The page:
Merkel seeks to strengthen EU ties to Western Balkans
German Chancellor Angela Merkel plans on working closely with Western Balkan countries to bring them closer to the EU, a process she initiated by hosting a high profile Western Balkan Conference in Berlin on Thursday (28 August). EurActiv Germany reports.
All seven successor states of the former Yugoslavia, as well as Albania, have a "European perspective", German Chancellor Angela Merkel said on Thursday (28 August) at the much-anticipated Western Balkan Conference that ended with optimism for the region's EU integration.
"All states in the Western Balkans should have the opportunity to join the European Union if they fulfill the accession requirements," Merkel emphasised.
The Chancellor spoke in the Federal Chancellery during a joint press conference with European Commission President José Manuel Barroso and Albanian Prime Minister Edi Rama. Rama also serves as chief of the South-East Europe Cooperation Process (SEECP).
Before the start of the Western Balkan Conference, Barroso had a one-hour meeting with Merkel, where the two exchanged views on the upcoming EU special summit and the developments in Ukraine.
Government leaders, EU representatives and economic and foreign ministers from Western Balkan states, Slovenia and Croatia participated in the Berlin event. The conference was a continuation of the so-called Brdo Summit in Dubrovnik, Croatia, which Merkel attended in July. The goal of the Berlin conference, initiated by Chancellor Merkel, was to strengthen cooperation between the regions and explore the states' perspectives for EU accession.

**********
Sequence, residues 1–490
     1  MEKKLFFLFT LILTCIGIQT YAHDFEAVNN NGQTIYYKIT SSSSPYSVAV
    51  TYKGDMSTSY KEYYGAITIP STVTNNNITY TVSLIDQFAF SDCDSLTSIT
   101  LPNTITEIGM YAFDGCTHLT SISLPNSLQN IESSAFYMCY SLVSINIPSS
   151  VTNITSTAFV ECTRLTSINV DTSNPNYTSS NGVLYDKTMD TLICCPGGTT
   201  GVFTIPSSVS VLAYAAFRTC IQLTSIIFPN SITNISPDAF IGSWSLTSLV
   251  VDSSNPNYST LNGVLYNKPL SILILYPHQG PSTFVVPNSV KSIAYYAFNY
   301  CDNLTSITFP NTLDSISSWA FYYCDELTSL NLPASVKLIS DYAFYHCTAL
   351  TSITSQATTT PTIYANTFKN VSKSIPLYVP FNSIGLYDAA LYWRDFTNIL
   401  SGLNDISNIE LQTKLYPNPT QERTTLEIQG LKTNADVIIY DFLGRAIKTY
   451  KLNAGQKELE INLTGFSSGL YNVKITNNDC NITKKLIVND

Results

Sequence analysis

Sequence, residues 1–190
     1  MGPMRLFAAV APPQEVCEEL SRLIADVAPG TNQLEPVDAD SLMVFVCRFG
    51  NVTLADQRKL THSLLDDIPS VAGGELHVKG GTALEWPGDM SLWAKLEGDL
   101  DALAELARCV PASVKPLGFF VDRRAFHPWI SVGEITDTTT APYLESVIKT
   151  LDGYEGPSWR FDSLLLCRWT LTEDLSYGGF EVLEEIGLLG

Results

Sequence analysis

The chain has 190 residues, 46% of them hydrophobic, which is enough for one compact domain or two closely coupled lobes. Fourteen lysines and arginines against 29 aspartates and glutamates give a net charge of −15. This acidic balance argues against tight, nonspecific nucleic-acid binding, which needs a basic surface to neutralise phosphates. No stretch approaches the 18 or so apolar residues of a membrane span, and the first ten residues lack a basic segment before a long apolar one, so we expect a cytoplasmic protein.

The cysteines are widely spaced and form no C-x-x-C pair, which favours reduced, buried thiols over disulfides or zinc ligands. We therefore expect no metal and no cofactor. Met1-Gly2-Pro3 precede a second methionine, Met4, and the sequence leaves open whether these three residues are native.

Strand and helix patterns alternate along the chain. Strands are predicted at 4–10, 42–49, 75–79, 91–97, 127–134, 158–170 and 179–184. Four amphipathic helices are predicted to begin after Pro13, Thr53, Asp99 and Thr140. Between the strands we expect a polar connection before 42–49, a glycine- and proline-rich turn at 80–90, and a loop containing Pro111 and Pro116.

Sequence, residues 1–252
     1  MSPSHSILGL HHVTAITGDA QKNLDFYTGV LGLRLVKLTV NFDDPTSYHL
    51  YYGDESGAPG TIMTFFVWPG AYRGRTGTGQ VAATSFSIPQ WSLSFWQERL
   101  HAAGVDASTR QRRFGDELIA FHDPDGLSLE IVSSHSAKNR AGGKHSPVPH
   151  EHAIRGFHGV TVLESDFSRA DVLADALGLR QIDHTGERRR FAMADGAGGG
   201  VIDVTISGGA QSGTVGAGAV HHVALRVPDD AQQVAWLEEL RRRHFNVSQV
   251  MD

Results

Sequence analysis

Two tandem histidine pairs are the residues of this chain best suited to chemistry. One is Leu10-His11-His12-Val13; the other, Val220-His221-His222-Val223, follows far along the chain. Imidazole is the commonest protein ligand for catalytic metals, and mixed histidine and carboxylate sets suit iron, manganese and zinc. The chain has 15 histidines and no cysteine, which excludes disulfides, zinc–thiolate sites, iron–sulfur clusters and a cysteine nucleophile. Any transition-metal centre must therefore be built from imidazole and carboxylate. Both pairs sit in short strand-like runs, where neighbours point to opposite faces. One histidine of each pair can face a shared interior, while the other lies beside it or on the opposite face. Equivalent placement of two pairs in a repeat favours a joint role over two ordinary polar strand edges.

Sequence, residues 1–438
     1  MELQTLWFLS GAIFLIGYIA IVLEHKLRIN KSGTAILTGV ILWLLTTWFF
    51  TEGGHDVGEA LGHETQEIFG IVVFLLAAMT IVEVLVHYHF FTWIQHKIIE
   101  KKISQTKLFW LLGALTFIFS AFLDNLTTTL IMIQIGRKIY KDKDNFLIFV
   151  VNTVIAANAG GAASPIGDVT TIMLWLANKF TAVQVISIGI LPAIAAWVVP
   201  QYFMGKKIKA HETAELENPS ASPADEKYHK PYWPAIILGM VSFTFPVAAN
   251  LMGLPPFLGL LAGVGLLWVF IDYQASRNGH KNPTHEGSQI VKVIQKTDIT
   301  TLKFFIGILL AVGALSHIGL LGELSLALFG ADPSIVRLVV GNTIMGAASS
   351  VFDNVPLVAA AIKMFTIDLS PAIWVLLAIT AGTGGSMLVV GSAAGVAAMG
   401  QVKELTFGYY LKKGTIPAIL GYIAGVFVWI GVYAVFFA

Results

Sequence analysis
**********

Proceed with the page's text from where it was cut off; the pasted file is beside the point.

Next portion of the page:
At the press conference, Barroso outlined the shared interests between the EU and the Western Balkan region. "Our common goal is clear: We want to see the Western Balkan countries ultimately join the European Union. This is in our joint political, economic and geo-strategic interest. This is the right way to defend the long term prosperity of all the citizens in our European family and also to defend European stability," he said.
He emphasised that further EU accessions, "depend on our partners' own speed of reforms. But they will happen over time. We don't want to leave any doubt about it".
All participating countries hope the accession process will move forward quickly, Merkel said. But it is up to the individual countries, the Chancellor pointed out, to fulfill the high expectations of their populations.
Most of all, the people hope for "economic advancement and measures tackling unemployment", she said.
The process initiated in Berlin is expected to continue and be converted into a longer working process. The next host is expected to be Austria in 2015.
A firm commitment to these countries’ EU accession was given in Thessaloniki in 2003 during the Greek presidency’s EU-Western Balkans summit.
Since then, Montenegro and Serbia have received a green light to start accession negotiations, Macedonia is a candidate country, and Albania is expecting to get the same status. Bosnia and Herzegovina is the country that lags behind the most, while Kosovo’s unresolved international status is still a cause for headaches in the Union.
However, in the last 11 years, progress has been uneven, and countries such as Macedonia or Bosnia have been stuck on their path towards the EU.
While Bosnia and Herzegovina is dealing with important domestic challenges, Greece has prevented Macedonia from starting accession negotiations for the past six years, despite a clear recommendation from the EU executive, a blockade which has fueled a deterioration of democratic standards in the country.